The choice of accountant is really important because, when the chips are down and you are sitting in front of the Tax Inspector, you both need to be sure that you can totally trust each other.  I need to know I can trust my clients not to open their mouths and totally contradict earlier statements (yes it does happen) or start blaming me as a scapegoat – trying to ruin my reputation, and the client needs to know that they have been fully briefed, expertly advised, and confident their accountant is performing at their peak when needed.

If you don’t feel you can be totally honest with your accountant, and also don’t feel they are being completely open and frank with you, then change to one you do feel comfortable with.

An accountant is not for life!  You can change at any time.  The only thing to watch is changing constantly, because that signals to the Tax Office that you are perhaps being less than frank with each new accountant (remember each time you appoint a new accountant, a form goes to HMRC to advise them).

Lastly, if you are very happy with the service, the answers, the extra’s you get from your accountant all year round – do them a big favour and tell your friends.  I always reward existing clients with a cash windfall based on a % of their annual fee each time they recommend someone to me.  Perhaps your own accountant offers something similar – have you asked?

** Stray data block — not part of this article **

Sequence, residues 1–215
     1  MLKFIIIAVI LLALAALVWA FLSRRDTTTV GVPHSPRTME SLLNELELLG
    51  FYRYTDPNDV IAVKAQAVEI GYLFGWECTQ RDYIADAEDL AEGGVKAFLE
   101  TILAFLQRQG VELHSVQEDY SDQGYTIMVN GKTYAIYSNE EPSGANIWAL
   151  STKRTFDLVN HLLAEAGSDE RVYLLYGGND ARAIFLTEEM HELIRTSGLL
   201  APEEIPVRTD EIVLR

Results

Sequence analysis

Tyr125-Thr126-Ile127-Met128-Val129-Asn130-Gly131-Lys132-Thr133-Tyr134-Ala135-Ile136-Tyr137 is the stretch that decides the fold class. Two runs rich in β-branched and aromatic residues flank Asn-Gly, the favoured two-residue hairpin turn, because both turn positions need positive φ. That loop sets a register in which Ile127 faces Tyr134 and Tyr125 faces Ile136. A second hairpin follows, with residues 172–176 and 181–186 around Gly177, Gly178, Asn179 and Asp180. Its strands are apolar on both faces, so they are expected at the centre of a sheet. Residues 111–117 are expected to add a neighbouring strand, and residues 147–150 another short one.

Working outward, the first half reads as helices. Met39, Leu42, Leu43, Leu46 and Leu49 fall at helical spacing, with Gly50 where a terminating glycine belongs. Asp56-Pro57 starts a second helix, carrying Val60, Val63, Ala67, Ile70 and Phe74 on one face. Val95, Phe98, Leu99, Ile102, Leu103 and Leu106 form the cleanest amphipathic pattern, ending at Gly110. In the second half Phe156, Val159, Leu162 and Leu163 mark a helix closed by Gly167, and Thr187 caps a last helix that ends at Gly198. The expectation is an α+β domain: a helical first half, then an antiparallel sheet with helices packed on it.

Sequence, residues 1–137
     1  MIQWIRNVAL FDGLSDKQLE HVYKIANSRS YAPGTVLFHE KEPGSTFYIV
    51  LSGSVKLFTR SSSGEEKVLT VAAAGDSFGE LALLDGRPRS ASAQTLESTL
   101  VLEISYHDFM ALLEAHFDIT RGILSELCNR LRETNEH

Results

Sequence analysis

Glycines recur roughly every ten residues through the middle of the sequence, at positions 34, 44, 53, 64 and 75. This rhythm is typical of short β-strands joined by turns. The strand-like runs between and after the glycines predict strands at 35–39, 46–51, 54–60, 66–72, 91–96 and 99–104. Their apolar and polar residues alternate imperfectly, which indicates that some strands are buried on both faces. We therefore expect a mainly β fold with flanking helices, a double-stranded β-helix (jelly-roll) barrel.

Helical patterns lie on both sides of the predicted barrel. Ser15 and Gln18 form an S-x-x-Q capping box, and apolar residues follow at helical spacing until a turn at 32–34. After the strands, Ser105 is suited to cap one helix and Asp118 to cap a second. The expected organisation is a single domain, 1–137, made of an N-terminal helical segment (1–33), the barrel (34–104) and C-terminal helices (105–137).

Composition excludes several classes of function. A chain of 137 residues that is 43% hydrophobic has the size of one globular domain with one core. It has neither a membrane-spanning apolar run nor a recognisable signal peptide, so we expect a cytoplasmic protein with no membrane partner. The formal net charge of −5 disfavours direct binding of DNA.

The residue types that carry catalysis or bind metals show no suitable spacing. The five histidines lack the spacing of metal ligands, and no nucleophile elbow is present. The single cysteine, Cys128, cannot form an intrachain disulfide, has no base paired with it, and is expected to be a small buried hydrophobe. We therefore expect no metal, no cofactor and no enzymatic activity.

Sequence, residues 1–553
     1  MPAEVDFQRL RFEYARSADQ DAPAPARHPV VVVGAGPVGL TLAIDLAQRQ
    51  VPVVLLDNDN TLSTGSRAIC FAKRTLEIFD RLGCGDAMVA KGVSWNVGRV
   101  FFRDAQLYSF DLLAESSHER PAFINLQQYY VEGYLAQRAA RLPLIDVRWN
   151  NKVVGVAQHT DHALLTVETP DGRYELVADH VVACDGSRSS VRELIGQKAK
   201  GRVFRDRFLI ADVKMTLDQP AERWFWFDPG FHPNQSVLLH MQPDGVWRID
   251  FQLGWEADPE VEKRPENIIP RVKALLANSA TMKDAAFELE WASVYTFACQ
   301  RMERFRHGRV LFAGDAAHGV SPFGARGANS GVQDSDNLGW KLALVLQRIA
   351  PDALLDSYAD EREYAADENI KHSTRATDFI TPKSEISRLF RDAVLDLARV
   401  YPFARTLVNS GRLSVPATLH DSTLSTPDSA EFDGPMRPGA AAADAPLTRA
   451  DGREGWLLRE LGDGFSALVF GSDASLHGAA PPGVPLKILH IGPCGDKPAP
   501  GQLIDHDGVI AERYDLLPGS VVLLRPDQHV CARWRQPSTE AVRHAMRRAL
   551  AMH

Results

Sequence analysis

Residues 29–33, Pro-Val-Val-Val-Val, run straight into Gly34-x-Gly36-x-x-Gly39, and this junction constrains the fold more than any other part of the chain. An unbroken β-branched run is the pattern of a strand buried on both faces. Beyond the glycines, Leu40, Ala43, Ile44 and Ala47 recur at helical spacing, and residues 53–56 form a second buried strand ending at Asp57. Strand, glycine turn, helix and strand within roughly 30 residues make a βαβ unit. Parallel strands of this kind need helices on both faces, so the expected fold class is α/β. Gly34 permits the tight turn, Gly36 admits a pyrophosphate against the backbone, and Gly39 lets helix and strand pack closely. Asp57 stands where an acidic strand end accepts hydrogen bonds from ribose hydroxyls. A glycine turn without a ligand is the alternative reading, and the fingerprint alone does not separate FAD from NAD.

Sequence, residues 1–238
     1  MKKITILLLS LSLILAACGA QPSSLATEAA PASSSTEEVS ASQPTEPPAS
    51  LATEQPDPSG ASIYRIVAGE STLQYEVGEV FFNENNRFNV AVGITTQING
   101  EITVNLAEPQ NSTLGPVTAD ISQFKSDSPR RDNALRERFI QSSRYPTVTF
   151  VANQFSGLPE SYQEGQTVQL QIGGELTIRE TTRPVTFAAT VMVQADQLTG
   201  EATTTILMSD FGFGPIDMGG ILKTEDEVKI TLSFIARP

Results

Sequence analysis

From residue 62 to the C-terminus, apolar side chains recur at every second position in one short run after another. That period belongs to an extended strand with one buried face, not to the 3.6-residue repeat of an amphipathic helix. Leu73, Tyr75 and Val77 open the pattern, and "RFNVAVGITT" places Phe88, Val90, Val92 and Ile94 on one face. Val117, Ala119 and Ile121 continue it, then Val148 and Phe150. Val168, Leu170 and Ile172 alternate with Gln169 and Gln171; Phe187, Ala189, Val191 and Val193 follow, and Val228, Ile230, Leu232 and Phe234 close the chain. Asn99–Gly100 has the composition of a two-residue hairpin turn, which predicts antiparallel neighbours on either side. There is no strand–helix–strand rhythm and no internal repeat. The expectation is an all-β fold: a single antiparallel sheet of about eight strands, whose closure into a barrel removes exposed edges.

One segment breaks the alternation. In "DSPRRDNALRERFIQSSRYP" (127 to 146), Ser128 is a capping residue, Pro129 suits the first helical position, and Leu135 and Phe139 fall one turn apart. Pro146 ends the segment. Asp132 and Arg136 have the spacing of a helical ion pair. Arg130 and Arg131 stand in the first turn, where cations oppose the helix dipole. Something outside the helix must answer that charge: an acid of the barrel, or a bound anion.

Finally, however you do it, make sure you get your 2008 Self Assessment filed before the 31st January 2009 or penalties and the wroth of the mighty HMRC will come tumbling down on you shortly after – and trust me – you don’t want that – ever.

As always, please feel free to ring me on 0800 047 0731 if you would like to discuss anything before the deadline hits – even if you just have a question – I won’t charge you, it will be my pleasure to help.

~Ray

Ray Stewart
I am a qualified Certified Practising Accountant having passed my final exams way back in 1981. I actually can’t believe that was 37 years ago!! Anyway, I am now in my 60’s and I have been running my own business since May 1983. And before you ask, no, I have never regretted a moment of it! Part of the membership requirements of my professional body now dictate that I spend quite a lot of time on “CPD” - continuing professional education (one of their better ideas) - and over the last two years I decided to study business growth and marketing. I have learnt such a lot and that knowledge has radically changed my old “accountants” approach to business. It has made such a difference to the way I work and operate I feel that I just have to pass on this knowledge. It is simply too powerful to hold back!! - but I will try and do it in simple terms rather than expecting you to spend hours, as I had to, working through the difficult language that trainers seem to use to pass on their concepts. I hope you find the blog a useful resource and interesting place to visit as the months pass. I will do my best to keep up the flow - but if there are any topics you would like me to cover, then please let me know. Ray Stewart
Ray Stewart
Ray Stewart

Latest posts by Ray Stewart (see all)

Leave a Reply

This site uses Akismet to reduce spam. Learn how your comment data is processed.